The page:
Coming back to full-time work after maternity leave is notoriously difficult. Many women intend to come back, but don’t, for a variety of reasons: They miss their baby, they don’t feel physically ready, breast-feeding is onerous, or the costs of child-care cancel out their salary. This is how many women end up stepping away from the workforce for at least a few years, which ends up lowering their lifetime salaries significantly. Now, one Australian company is trying to do something about that: It’s offering women a “welcome back to work payment” after maternity leave.
The Insurance Australia Group, which is one of the country’s biggest companies, already provides more than three months of paid maternity leave. But under its new plan, it will double the salaries of new mothers for their first six weeks back at work.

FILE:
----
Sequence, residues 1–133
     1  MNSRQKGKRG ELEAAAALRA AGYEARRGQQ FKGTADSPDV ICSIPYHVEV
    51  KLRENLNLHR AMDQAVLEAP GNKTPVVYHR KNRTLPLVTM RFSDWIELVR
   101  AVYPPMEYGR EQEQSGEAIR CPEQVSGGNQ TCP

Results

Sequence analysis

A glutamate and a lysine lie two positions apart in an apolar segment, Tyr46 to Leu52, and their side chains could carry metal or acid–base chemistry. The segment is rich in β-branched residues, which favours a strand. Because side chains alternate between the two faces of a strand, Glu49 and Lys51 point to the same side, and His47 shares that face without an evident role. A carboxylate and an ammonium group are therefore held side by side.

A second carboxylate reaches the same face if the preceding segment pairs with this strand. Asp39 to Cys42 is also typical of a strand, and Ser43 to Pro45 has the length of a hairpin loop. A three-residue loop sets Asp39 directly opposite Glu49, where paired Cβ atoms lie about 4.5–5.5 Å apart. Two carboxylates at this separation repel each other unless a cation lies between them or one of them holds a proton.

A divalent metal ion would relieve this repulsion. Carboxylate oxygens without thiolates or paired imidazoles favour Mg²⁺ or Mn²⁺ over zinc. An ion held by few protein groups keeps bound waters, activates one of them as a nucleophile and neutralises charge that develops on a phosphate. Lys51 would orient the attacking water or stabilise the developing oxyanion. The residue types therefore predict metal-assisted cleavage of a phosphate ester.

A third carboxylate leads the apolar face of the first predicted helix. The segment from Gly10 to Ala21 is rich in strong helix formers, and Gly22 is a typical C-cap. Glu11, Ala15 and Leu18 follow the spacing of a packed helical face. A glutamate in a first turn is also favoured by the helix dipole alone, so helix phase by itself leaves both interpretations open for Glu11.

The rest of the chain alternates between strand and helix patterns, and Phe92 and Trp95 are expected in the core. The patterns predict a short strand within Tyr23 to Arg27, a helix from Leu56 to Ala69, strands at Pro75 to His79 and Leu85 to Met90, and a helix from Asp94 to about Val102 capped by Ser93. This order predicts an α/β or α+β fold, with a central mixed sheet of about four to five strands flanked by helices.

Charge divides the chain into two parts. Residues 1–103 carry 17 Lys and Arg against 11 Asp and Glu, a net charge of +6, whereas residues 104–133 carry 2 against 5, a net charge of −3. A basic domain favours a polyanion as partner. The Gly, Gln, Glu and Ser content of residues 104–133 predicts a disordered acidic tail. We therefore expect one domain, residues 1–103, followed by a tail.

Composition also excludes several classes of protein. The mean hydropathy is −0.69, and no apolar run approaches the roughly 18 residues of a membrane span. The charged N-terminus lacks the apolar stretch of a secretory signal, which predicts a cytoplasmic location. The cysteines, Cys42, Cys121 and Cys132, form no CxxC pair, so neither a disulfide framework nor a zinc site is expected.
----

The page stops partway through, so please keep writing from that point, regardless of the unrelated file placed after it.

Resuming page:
“This initiative came out of some discussions that we had with our people, and specifically women, on the difficulties and pressures that they faced upon returning to the workforce,” CEO Mike Wilkins tells Australian news outlet the ABC. “We think this welcome back payment is a good first step in helping them to address a number of those pressures.”
Wilkins says he anticipates the extra costs will be offset by the money saved recruiting new employees for mothers who would have otherwise left the company.
The “choice” not to return to work — I use scare-quotes because it’s often more of a calculation than a free-will expression of preference — can have serious long-term effects on women. Scholar Sylvia Ann Hewlett has found that women stepping away from the workforce for three years return with just 60% of their previous earning capacity [PDF]. If a little extra cash can help women afford day-care and incentivize them to stick it out through the difficult first weeks back in the office, it’ll benefit both employees and employer.